How widespread is the practice of NHS hospitals providing clinical cover to private providers, and what reimbursement does the NHS receive for providing these services?
Working as a junior doctor in the NHS, I was asked by a consultant on a number of occasions to ‘clerk’ (review) his or her private patients. Later, as a senior house officer, I was asked to order investigations, prescribe medications or take blood tests for private patients; and as a cardiology registrar, I was asked to clerk or monitor the progression of new private patient admissions to NHS wards.
I met these requests with some uncertainty as to what my role should be, and, latterly, decided to investigate further. When I asked my consultants in my most recent NHS post it emerged that none of them knew the policy regarding who should see and treat private patients.
When I interviewed trainees from a range of specialties and regions of the UK about their experiences of being asked to see private patients while working in the NHS, all had been involved in the care of private patients and none of them knew what policy was in this regard. Through contact with the BMA, I established that junior doctors can usually be ‘part of the package’ that private patients pay for, however, it is unclear whether a junior doctor’s contract obliges them to provide care to private patients. The BMA suggested that I could discuss this with my seniors if I did not feel comfortable providing care for private patients, and in my case, my supervisors were understanding and accepted this.
A more concerning issue emerged from an interview with a medical registrar. She described how she was pulled away from supervising the medical take (i.e. supervising junior colleagues in the admission of new patients) at her NHS hospital to attend patients who had deteriorated acutely in a private hospital located on the NHS hospital site. This would usually happen out of hours, and she would be called by the RMO (Resident Medical Officer), a junior doctor on-call in the private hospital), when he or she was unable to manage a patient. She did not remember ever seeing the private patients’ consultant attending.
This registrar was not aware of what the policy was regarding clinical advice and support for the private hospital, or about reimbursement for such services provided by NHS staff; but she was concerned about the impact on NHS patients, given the frequency with which she was being asked, during her time on-call in the NHS hospital, to cross the car park to review sick patients in the private facility. Accessing notes for these patients was also often difficult, and they were often very unwell by the time she was called, so it would frequently take an hour of her time.
I decided to investigate how widespread the practice of NHS hospitals providing clinical cover to private providers is, and what sort of reimbursement the NHS is receiving for these services. I sent FOI requests to all 153 acute trusts in England asking them to state whether they have any contracts with private providers, and if so, the nature of the services provided and any reimbursement given.
After the 20-day period within which trusts are required to respond, 84 trusts (54%) had responded. The trust containing the car park that the medical registrar mentioned above had run across, failed to respond to the FOI request.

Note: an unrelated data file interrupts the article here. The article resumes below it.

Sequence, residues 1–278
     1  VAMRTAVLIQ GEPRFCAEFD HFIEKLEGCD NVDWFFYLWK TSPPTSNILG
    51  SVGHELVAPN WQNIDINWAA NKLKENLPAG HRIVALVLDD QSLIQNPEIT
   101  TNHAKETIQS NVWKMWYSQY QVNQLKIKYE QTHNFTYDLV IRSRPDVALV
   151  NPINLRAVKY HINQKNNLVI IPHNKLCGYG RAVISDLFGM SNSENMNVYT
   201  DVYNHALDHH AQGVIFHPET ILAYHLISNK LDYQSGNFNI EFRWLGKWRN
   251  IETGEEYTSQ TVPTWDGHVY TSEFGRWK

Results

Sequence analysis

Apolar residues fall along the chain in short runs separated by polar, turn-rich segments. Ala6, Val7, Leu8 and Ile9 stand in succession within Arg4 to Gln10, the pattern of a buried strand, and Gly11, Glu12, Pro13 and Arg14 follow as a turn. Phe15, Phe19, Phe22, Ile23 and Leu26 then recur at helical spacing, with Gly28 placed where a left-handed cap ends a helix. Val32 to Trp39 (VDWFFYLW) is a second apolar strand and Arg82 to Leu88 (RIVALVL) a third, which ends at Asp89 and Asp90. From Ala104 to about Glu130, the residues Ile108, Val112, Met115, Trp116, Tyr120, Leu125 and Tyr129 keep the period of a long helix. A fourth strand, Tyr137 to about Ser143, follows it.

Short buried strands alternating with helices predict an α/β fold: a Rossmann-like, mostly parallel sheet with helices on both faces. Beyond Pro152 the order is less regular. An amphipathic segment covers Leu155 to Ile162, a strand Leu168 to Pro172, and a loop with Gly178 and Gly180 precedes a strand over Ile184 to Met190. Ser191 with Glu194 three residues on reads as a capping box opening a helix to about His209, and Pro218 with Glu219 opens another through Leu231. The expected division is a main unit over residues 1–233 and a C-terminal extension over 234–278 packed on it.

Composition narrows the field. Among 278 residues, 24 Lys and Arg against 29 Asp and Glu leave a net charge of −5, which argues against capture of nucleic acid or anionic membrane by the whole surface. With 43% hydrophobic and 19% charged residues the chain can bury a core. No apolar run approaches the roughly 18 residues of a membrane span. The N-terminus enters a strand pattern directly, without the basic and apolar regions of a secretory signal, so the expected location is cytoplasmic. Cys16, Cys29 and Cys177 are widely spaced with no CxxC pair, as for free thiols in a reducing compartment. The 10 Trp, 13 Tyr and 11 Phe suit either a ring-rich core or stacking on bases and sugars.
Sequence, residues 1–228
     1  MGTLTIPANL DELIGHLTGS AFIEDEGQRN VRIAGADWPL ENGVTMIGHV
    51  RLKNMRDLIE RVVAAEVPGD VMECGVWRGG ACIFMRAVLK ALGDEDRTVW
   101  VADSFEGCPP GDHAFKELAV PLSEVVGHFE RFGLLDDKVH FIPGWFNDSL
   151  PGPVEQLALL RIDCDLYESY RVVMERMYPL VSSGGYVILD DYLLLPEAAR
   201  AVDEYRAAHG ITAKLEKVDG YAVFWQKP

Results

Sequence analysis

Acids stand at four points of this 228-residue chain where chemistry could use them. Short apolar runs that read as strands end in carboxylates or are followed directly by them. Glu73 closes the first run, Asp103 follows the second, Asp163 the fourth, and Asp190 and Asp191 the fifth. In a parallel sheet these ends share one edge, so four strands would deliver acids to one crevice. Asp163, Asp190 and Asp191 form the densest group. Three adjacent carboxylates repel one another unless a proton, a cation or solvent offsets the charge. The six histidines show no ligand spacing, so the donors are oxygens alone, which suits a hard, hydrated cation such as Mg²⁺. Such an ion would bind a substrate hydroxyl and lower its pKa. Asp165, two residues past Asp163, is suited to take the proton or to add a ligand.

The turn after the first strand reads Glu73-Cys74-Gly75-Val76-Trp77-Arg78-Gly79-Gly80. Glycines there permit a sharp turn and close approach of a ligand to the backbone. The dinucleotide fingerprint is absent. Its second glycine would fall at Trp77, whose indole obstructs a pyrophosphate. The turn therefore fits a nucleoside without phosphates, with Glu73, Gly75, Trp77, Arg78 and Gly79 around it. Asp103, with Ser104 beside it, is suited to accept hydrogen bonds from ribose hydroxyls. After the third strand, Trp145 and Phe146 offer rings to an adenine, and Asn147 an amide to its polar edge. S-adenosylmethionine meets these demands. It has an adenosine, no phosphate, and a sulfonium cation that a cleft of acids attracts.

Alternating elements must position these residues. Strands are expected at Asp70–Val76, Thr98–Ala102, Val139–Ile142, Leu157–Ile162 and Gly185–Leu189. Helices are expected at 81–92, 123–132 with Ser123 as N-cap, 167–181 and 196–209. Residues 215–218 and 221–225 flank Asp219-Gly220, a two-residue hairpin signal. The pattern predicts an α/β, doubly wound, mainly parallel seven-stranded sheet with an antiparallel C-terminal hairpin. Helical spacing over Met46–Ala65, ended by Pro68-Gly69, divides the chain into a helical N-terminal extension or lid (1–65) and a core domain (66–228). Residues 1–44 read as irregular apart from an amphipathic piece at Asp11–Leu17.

Of the 84 trusts that responded, one trust stated that it was not able to provide any information about agreements with private providers as this information would take more than 18 hours to extract. This, and the fact that 49 trusts did not reply at all within the required 28 days, raises the question of what the extent, complexity and transparency of this trust’s agreements with private providers might be.
Of the remaining 83 who responded, 28 trusts (34%) said that they have no agreement for provision of services with any private provider; while 33 trusts (40%) stated that they provide clinical services of some kind to private healthcare providers. Twenty-two trusts (27%) said that they procure services from private healthcare providers but do not provide services to private providers. The most common type of service provided by NHS trusts to private hospitals is diagnostics, including laboratory work, x-rays, CT or MRI. Thirty trusts provided diagnostics, in most cases on a cost-per-case basis. Three trusts said that they provide on-call junior doctor cover in the form of telephone advice or clinical review, and nine provide on-call specialist advice from consultants. Eight had an agreement to allow elective admission of patients from private facilities, for example to ITU after an operation. Fifteen trusts provided another type of service, for example, blood transfusion or equipment sterilisation.
Of particular interest were responses from three hospitals that provide services to private hospital providers without receiving any reimbursement. One trust provides junior doctor and consultant advice for no charge, and a second said that they provided consultant advice about patients in a private facility (which they state sometimes leads to emergency admission of these private patients to the NHS hospital). A third hospital stated that they have an agreement to provide a cardiac arrest team to Medlin and Spire hospitals if required, and they receive no reimbursement for this.
These three cases represent subsidies from the NHS to the private sector; NHS hospitals providing services to private providers for no charge. And there may well be other trusts that receive reimbursement at less than the cost of providing services to private providers. Arrangements between private and NHS healthcare providers need to be made fully transparent, and the use of NHS resources to support the profit-based private sector should be avoided or fully reimbursed.